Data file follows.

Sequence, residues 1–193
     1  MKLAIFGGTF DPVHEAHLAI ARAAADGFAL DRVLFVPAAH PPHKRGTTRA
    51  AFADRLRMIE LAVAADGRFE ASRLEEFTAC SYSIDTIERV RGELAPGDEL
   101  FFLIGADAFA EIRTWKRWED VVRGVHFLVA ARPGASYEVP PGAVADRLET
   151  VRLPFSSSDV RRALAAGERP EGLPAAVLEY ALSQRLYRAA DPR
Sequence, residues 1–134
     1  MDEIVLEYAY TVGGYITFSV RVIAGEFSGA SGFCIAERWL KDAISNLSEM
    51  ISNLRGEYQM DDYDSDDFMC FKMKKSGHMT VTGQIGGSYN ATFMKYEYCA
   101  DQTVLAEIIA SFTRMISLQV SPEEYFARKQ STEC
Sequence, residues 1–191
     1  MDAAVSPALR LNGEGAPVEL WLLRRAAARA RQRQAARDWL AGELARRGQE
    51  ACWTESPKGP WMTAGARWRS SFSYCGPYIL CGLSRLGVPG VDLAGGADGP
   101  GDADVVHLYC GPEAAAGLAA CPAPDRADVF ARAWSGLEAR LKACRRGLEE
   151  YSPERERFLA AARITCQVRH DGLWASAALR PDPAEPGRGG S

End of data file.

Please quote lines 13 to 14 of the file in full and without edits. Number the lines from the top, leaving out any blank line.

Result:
   101  GDADVVHLYC GPEAAAGLAA CPAPDRADVF ARAWSGLEAR LKACRRGLEE
   151  YSPERERFLA AARITCQVRH DGLWASAALR PDPAEPGRGG S